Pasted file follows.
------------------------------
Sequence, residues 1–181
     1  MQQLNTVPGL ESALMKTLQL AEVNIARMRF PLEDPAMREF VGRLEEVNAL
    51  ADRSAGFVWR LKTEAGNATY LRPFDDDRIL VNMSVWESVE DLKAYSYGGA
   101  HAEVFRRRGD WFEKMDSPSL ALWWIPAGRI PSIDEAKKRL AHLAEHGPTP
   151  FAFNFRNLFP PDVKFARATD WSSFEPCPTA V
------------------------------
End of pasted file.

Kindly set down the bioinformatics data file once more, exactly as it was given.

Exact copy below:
Sequence, residues 1–181
     1  MQQLNTVPGL ESALMKTLQL AEVNIARMRF PLEDPAMREF VGRLEEVNAL
    51  ADRSAGFVWR LKTEAGNATY LRPFDDDRIL VNMSVWESVE DLKAYSYGGA
   101  HAEVFRRRGD WFEKMDSPSL ALWWIPAGRI PSIDEAKKRL AHLAEHGPTP
   151  FAFNFRNLFP PDVKFARATD WSSFEPCPTA V